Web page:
Use these tips to quickly learn how to design a magazine ad that will grab readers and get results for you or your client.
Plan Your Ad Layout: Where Does the Reader Look?
When viewing a magazine ad, the reader's eye sees the illustration first, no matter where it is on the page. Then they read down from the illustration on. As to where the ad's main illustration should be, consider this: the "optical center" of the page is one-third of the way down and in the center. Keep these in mind when thinking of the layout of your magazine ad.
Ogilvy Method for Magazine Ads
Every designer should create an ad using the Ogilvy method at least once in their career, but to be honest, most ads should incorporate at least some of these principles no matter what. They were formulated by advertising icon David Ogilvy and are backed up by scientific research.
The Ogilvy method in a nutshell is based upon 5 items:
- a very strong visual, either a photo or an illustration
- a caption for the visual, if needed
- a headline
- well-written copy
- a "signature" — logo and contact information for the product/company
Magazine Ad Layout Principles
This is a general percentage breakdown of the different elements of a magazine ad as your rule of thumb guideline:
- Visual (the main photo or illustration) — 65%
- Headline — 10%
- Ad Copy — 20%
- Logo — 5%
The percentages are how much space each major element should take up in the ad. The main visual should be very large, and in the top portion of the ad, in order to take advantage of where the reader instinctively looks first.
The headline doesn't take up a lot of space on the page, yet it stands out because it's succinct, contrasts with the page, and set in large type.
Copy describes the benefits of what you're promoting or selling.
The logo should be placed in the bottom right area of the ad, because that's where the eye is drawn to last.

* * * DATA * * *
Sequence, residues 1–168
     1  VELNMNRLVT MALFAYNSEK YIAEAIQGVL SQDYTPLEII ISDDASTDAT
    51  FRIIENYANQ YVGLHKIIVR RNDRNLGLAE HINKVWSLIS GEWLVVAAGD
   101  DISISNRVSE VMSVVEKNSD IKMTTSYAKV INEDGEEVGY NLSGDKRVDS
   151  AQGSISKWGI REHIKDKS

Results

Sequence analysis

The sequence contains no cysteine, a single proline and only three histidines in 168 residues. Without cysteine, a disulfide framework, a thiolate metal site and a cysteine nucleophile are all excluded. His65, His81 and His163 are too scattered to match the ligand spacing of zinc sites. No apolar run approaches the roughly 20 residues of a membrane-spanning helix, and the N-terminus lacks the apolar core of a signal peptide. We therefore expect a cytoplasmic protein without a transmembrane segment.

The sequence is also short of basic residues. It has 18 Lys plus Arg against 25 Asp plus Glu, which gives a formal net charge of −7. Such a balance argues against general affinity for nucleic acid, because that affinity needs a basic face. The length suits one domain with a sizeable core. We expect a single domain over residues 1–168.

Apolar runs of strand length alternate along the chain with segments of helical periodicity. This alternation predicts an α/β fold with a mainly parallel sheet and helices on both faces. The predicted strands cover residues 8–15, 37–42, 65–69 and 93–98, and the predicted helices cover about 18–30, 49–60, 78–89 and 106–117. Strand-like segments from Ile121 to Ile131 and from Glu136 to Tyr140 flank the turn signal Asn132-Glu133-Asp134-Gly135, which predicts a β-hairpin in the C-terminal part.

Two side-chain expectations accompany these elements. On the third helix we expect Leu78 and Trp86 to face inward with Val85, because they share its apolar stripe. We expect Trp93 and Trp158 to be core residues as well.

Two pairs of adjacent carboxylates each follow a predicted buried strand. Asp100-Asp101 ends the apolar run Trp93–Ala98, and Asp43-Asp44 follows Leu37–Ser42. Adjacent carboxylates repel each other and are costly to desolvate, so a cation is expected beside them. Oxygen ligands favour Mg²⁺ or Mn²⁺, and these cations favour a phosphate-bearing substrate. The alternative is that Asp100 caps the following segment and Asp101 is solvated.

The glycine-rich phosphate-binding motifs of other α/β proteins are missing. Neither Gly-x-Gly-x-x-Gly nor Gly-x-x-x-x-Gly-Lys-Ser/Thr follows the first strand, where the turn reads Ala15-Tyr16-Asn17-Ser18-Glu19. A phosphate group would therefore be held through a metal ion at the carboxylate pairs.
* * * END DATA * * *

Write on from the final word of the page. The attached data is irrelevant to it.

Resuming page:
Use the design principles of balance and contrast when selecting typefaces and type sizes for your magazine ad. Contrast means your type will be readable on the page and vary in size. For instance, brown type on a black background is low-contrast and virtually unreadable. Use dark type on light backgrounds and vice versa. Avoid placing type on busy backgrounds.
Make the headline as big as possible for the layout and set the copy no smaller than 8 or 9 point. It may be trendy to set type super-tiny, but keep your audience in mind and remember that ad design is primarily about motivating people to seek out the product, not showcasing creativity. I highly recommend staying in the 10–16 point range for ad copy, depending on the length of the message.
Should you use a serif or sans serif font? It doesn't matter — legibility studies are inconclusive. Follow normal typeface selection rules and use what looks nice. The rule of thumb is to select two typefaces for an ad and use a sans serif for the headline and a serif for the ad copy.
Don't use all capital letters, and use reverses (light type on a dark background) judiciously.
These tips for how to design a magazine ad come from years of research conducted by marketers and famous names like David Ogilvy. They're time-tested and will help you to lay out an ad that's not only attractive and eye-catching, but effective. Let us know how you're putting these tips to use in the comments.
More on David Ogilvy: http://www.jackrabbit-media.com/blog/2012/8/19/ogilvy-mathers-famous-print-advertisement-how-to-create-adve.html
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